Uber Regulations Change, But At What Cost?
Today Mayor Sylvester Turner revealed at a press conference that the City of Houston and Uber have reached an agreement to keep the transportation company operating in the city at least through the upcoming Super Bowl.
While Turner has had issues with Uber and its policies on background checks, even going so far as to require Transportation Network Company (TNC) licenses which includes fingerprint background checks for all drivers operating within the City of Houston, the new agreement reached with the company indicates that Turner may be feeling the pressure of the company’s threats to cease operations in the city due to the impending Super Bowl. As part of the agreement, drug screenings and physicals will no longer be required for drivers to operate.
That said, currently all taxi drivers are required by law to undergo fingerprint background checks, drug screenings and physicals, indicating that the playing field isn’t quite level. Other changes include the reduction of Uber licensing costs from $200 to $70, as well as the fact that drivers can now apply to the company and be on the road picking up riders in the same day. Essentially, it’s easier to be an Uber driver in Houston than ever — but is that safe?
In May, Uber had threatened to leave the city due to the requirement of fingerprint background checks and asserted that changes to the regulations were necessary for them to remain in Houston. While the fingerprint requirement remains, it is difficult to imagine that a driver is able to undergo an extensive background check with the new licensing process being reduced to only 20 minutes. It is illegal for a driver to operate within the City of Houston without the required fingerprint background check, although this adjustment doesn’t seem to allow for that given the extremely brief period required for a driver to drive, which is still legal without a fingerprint background check in the areas outside of Houston city limits.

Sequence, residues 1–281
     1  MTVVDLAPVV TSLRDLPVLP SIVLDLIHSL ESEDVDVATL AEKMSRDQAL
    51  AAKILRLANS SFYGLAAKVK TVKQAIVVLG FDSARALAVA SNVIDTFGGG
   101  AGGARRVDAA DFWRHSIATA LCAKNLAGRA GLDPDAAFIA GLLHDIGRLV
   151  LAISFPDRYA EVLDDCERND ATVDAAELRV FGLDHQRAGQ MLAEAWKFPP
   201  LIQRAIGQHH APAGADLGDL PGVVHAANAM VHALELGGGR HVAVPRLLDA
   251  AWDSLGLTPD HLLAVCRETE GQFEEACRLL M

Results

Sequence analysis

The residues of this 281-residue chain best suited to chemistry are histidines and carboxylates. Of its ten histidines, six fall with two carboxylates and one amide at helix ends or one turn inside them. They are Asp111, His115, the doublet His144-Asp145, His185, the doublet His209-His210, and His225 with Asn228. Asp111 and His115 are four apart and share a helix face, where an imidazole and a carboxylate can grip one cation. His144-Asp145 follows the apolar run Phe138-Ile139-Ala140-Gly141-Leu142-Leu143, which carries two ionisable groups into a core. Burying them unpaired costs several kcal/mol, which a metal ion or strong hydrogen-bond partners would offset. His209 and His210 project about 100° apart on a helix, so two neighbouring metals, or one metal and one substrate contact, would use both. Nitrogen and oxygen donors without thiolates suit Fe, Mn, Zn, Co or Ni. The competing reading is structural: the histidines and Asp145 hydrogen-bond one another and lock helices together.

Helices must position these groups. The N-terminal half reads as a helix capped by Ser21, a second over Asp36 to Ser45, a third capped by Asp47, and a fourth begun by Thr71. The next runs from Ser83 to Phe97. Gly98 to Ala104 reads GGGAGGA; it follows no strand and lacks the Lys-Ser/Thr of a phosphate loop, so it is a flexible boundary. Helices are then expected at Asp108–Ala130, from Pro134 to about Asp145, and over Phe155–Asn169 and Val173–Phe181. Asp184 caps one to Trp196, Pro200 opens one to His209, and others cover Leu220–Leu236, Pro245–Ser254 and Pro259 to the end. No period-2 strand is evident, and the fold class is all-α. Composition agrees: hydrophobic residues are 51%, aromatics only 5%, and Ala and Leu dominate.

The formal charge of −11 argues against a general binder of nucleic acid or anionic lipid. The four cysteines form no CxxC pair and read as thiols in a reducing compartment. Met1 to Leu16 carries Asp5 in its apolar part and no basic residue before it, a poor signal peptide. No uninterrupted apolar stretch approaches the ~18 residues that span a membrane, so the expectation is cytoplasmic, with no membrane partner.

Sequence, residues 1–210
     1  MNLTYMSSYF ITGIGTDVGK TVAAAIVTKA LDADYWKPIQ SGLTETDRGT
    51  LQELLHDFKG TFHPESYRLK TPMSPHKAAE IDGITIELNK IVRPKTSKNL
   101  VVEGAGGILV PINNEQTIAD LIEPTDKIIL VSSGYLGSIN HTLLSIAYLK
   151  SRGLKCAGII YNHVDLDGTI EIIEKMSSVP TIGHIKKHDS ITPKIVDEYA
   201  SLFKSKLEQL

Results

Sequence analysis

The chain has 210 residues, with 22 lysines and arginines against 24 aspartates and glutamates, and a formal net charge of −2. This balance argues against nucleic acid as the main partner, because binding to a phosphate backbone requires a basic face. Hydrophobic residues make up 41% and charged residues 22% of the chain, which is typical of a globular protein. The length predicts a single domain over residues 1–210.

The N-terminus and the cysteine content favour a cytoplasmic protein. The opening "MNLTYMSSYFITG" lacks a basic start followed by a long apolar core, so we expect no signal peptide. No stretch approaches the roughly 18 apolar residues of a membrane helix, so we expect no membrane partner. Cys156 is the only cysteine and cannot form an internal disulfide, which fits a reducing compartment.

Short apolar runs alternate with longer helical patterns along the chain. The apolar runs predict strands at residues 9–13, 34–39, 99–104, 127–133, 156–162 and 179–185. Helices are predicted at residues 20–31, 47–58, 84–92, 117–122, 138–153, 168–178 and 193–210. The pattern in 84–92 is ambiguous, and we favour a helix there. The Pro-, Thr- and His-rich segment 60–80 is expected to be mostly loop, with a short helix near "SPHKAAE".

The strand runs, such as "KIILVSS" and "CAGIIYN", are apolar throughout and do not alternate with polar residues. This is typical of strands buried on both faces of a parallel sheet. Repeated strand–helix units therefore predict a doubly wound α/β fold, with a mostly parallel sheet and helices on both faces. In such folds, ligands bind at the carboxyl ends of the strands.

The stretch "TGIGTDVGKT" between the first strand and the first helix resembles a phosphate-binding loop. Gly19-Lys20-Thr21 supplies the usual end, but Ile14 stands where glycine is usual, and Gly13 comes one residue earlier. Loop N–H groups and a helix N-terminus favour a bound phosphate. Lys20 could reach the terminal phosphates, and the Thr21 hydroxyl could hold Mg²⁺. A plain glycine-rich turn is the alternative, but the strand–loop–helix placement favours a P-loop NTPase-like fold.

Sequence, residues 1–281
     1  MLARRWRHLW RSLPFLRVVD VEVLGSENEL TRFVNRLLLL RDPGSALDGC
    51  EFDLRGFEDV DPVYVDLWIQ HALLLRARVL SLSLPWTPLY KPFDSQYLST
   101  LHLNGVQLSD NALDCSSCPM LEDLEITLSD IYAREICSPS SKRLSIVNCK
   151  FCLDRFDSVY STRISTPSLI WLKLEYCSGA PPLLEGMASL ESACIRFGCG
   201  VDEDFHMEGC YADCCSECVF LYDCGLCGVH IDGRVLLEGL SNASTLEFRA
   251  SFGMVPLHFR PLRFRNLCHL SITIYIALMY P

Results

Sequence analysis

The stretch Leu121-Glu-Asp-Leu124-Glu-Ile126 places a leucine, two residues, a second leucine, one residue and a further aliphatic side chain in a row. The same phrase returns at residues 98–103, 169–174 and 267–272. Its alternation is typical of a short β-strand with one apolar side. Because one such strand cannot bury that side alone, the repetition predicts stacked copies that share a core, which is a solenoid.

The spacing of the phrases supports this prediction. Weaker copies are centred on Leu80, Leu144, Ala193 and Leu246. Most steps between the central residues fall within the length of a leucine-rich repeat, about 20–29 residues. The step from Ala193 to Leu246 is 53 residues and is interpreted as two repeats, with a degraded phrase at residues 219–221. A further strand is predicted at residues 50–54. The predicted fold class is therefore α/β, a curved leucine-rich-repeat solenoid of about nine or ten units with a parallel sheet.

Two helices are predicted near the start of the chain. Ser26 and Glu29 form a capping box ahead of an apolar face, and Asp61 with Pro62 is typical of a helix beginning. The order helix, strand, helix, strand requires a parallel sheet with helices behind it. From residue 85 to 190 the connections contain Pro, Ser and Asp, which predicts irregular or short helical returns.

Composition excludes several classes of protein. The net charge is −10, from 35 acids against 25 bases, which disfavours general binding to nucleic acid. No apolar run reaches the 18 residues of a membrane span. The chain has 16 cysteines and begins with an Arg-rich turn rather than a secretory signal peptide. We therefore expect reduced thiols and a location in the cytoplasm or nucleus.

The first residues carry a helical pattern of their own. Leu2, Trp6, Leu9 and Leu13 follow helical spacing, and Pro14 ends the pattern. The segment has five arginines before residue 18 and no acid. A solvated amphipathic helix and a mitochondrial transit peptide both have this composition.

Essentially, it seems that the city is turning a blind eye to drivers that have not undergone the required background check, as well as the previously required drug screenings and physicals, simply to create more drivers prior to the Super Bowl. It would seem that although Turner’s prior regulations on Uber were stricter than most cities, he seems to be backtracking on safety requirements in order to fulfill the high demand expected in February. It’s understandable that Turner longs to effectively utilize the opportunity presented by hosting the Super Bowl, however at what cost to riders’ safety? And why does Uber exist under different regulations than the taxi cab companies that have existed for decades longer?
These are the questions that Houstonians should be asking themselves, and so should Mayor Turner.